Adversity is something Black Ferns Sevens prop Ruby Tui knows all about.
Named World Rugby Sevens player of the year this week and at the top of her game, Tui won't allow herself to think she has a secure spot in the team for the Tokyo 2020 Olympics.
"No matter how long you've been here you have to trial to make every school tournament," she says.
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She knows it can all be taken away in the blink of an eye. After all she was deprived a Commonwealth Games gold final against Australia in 2018 because she caught the mumps.
How did she take that?
On the chin, of course, because missing out on a rugby game is nothing in the scheme of the life of this 28-year-old.
Tui's social media accounts depict a high achiever.
She's happy, active, social, thoughtful, pretty and she is honest with her feelings.
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💜Taha Tinana - Physical Wellbeing💜 I eat and exercise to FEEL good when I do what I do. I hope you do too✌🏽 . . . . #Gainzz #MHANZ #Tinana #PhysicalHealth #ExerciseIsTheBestMedicineBall #HopeThatRingsADumbell #Lessgroww #ThankfulForMyTinana 📸: @sachastejko
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She advocates for mental health, for being the best you can be, dreaming big, and making her family proud.
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In an age where it is cool to be kind and you can be anyone online, the doubters exist, and she ignores them.
But for the record, Tui is exactly who she says she is.
With all she has achieved to date as one of the biggest names in the women's game, as well as having started a Sky Sport commentary role off the field, Tui's goals are simple.
"All I want to do is just make my family proud and discover a bit of happiness."
As a young girl Tui shifted from Wellington to Nelson, back to Wellington and finally to the West Coast in the South Island where her mother was based.
She had been to seven schools before her final stop at St Paul's where she thrived on the sports field and drove the teachers nuts with all her ideas, she says.
At home, however, there were struggles and an amount of adversity many teenagers grow up without.
Her parents, Marion Mouat and Vaki Tui, had gone through a tough separation and she often was looking out for them.
She grew up fast because of it.
It was a challenging period of her life and it taught her exactly what rabbit holes not to go down.
"I just try to be a good person, like it's not easy and you are expected in life to just know what to do and sort it out and be a good person. But life is life and it's not easy and even to pursue your dreams is a brave thing to do," she says.
"I have met people who haven't done that and the biggest thing elderly talk about is regret and that's pretty hard to deal with. So, I am just trying to live my best life and be the best I can be and hopefully people can see that brings happiness.
"Life is full of short-term pleasure, but I reckon if we can all be happy with what we have got the whole world can be a better place."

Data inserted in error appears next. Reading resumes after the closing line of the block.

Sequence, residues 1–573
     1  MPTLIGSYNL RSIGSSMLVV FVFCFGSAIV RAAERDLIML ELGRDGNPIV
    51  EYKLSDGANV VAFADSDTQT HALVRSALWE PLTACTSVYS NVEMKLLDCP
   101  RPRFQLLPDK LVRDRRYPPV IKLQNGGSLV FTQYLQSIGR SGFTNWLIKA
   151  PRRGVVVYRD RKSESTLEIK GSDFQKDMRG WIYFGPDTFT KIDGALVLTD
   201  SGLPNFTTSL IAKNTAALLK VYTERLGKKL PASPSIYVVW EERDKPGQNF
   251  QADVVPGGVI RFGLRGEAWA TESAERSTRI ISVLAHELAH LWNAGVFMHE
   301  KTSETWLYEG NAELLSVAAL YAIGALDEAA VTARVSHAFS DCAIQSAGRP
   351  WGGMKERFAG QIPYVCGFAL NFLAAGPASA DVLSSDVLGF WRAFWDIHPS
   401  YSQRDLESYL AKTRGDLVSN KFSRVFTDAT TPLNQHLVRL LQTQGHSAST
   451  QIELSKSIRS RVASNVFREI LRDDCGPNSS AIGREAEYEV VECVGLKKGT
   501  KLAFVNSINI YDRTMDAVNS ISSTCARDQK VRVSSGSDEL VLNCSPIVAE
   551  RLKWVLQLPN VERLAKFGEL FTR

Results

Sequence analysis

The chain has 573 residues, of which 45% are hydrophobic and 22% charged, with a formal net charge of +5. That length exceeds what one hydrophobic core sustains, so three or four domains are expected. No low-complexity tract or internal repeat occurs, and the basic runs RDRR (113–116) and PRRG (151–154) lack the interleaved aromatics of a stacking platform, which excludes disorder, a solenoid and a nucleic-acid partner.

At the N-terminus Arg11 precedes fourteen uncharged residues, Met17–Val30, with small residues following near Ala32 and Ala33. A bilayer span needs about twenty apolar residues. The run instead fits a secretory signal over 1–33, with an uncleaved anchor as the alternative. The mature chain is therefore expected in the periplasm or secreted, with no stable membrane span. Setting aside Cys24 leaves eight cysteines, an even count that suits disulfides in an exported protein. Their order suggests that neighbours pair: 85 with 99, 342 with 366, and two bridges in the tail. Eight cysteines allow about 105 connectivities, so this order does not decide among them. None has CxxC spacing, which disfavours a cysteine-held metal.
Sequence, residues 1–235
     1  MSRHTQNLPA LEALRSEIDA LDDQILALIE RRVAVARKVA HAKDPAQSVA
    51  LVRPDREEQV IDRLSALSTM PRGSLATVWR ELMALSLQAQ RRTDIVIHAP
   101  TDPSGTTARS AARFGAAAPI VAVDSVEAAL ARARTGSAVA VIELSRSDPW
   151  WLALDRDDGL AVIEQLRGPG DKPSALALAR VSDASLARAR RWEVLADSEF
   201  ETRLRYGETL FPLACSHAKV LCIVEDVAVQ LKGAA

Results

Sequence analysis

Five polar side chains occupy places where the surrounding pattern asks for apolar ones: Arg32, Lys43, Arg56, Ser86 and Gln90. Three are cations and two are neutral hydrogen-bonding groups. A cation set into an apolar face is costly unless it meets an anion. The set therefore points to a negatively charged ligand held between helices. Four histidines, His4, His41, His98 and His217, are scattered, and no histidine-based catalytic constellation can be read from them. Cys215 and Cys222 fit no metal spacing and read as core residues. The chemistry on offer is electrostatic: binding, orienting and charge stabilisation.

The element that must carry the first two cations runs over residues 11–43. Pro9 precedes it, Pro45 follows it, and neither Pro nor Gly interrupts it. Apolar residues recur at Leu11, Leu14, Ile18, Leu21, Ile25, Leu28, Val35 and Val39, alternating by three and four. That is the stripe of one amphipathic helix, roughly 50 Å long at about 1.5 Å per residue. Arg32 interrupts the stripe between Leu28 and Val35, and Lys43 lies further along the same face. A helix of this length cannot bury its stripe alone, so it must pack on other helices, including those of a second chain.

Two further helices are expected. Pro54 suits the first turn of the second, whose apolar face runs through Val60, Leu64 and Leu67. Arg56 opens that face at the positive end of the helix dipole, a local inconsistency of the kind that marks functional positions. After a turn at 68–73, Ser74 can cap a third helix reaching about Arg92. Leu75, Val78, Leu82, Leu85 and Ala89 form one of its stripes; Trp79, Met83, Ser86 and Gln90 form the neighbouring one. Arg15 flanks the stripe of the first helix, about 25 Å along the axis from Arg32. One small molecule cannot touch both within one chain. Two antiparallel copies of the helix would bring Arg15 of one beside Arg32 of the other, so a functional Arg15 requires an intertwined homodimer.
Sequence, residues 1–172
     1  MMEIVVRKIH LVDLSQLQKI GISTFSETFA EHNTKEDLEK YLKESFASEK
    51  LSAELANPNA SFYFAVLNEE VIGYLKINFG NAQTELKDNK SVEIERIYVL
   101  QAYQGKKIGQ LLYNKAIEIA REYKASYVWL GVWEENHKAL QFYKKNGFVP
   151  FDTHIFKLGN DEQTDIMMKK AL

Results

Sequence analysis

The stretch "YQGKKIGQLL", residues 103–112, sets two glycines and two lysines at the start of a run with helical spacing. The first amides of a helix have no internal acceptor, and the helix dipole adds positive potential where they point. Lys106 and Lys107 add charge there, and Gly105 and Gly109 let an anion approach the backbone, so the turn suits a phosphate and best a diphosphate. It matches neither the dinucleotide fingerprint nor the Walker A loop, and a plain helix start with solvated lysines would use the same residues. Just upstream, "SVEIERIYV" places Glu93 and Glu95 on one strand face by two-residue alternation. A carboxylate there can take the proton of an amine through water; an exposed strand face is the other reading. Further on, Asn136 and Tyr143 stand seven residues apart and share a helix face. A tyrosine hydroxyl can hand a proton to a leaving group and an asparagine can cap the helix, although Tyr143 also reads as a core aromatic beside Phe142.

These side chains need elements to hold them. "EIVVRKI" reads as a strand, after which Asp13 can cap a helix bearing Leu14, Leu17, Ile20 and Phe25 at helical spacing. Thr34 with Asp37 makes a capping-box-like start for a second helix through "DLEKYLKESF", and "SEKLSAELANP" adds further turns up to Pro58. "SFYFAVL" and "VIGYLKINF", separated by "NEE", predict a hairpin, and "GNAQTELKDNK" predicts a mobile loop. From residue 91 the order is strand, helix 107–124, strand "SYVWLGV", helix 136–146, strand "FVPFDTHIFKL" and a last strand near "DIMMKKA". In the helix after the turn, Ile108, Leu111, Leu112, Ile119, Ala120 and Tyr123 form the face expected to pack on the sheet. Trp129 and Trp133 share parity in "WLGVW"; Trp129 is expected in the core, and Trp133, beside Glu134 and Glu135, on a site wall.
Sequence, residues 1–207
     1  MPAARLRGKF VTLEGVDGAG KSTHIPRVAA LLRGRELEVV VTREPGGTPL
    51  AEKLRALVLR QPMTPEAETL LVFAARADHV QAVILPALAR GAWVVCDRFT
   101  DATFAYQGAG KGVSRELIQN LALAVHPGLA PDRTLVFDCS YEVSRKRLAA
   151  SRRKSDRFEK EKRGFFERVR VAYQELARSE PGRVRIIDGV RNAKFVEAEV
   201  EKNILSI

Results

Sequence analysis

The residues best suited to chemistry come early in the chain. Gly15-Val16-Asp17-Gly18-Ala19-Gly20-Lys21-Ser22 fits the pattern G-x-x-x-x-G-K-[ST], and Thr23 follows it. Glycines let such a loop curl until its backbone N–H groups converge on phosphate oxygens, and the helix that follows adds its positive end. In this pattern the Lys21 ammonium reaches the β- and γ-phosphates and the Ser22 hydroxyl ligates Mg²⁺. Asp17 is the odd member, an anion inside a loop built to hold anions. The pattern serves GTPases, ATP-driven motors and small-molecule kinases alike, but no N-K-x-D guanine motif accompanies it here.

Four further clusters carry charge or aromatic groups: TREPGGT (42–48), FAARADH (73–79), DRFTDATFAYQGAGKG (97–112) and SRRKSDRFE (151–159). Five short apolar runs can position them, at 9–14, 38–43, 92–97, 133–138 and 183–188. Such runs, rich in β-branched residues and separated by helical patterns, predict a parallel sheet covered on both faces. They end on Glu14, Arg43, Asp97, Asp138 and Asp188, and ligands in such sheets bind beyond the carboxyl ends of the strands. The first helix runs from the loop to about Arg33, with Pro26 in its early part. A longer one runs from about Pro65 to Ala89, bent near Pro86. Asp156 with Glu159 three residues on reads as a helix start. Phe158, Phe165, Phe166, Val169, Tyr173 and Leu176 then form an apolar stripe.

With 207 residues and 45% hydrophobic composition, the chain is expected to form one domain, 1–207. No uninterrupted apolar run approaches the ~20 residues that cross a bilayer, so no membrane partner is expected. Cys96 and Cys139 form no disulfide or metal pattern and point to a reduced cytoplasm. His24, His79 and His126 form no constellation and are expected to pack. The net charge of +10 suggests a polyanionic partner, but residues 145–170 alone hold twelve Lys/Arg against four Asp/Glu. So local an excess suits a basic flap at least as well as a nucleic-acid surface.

This positive energy is not a front.
Within five minutes of talking to Tui the world really can feel like a better place.
"You can't guarantee the sun is going to shine, it might rain. You have to choose to take the optimistic perspective about it and it does help you a lot in sport, but that's life too you know."
Her attitude on the field is the same as off it. When things are going wrong for her team the players often look to her as a senior for that extra drive.
She is a calming influence for the players around her nowadays.
"I used to have the headphones in, but now I dance, I'm loud, I sing and just make sure the team has a good vibe, and I support all the other leaders. I am pretty relaxed now to be honest. I don't freak out like I used to."
So, it is about time World Rugby relished a player like Tui, because as she admits, there are not all that many years left for her in the fast-paced sevens game.
She is by no means past it, but she won't confirm if she will stick around after Tokyo.
Tui isn't ruling out a crack at the Black Ferns 15s side though. The appeal of playing in front of a home crowd at the 2021 Rugby World Cup could be too good not to at least try.
With a media and communications degree behind her she has thought about life after rugby, perhaps a little too much she says.
"There's so many ideas that come and go. Everyone says you need a plan after rugby, I've got about five.
"I am going to stay focused on rugby. I didn't make a decision after Rio [de Janeiro Olympics] until I had that medal around my neck, so I am going to do the same thing.
"Focus on the footy and we'll see, I am sure it will be pretty exciting."
Tui and the Black Ferns compete at the Dubai Sevens next month, followed by the Cape Town Sevens, where the women will play for the first time at what was formerly just the men's tournament.
And she won't need to seek out inspiring South African captain Siya Kolisi while in the Mother City, she already has.
While in Japan for the Rugby World Cup, Tui and several of her teammates bumped into Kolisi "on purpose" and she was blown away by his humility, she says.
"He was so polite, he stopped all his celebrity responsibilities just to say to hello to us. He is an amazing hero, true hero on and off the field too and those are the real players."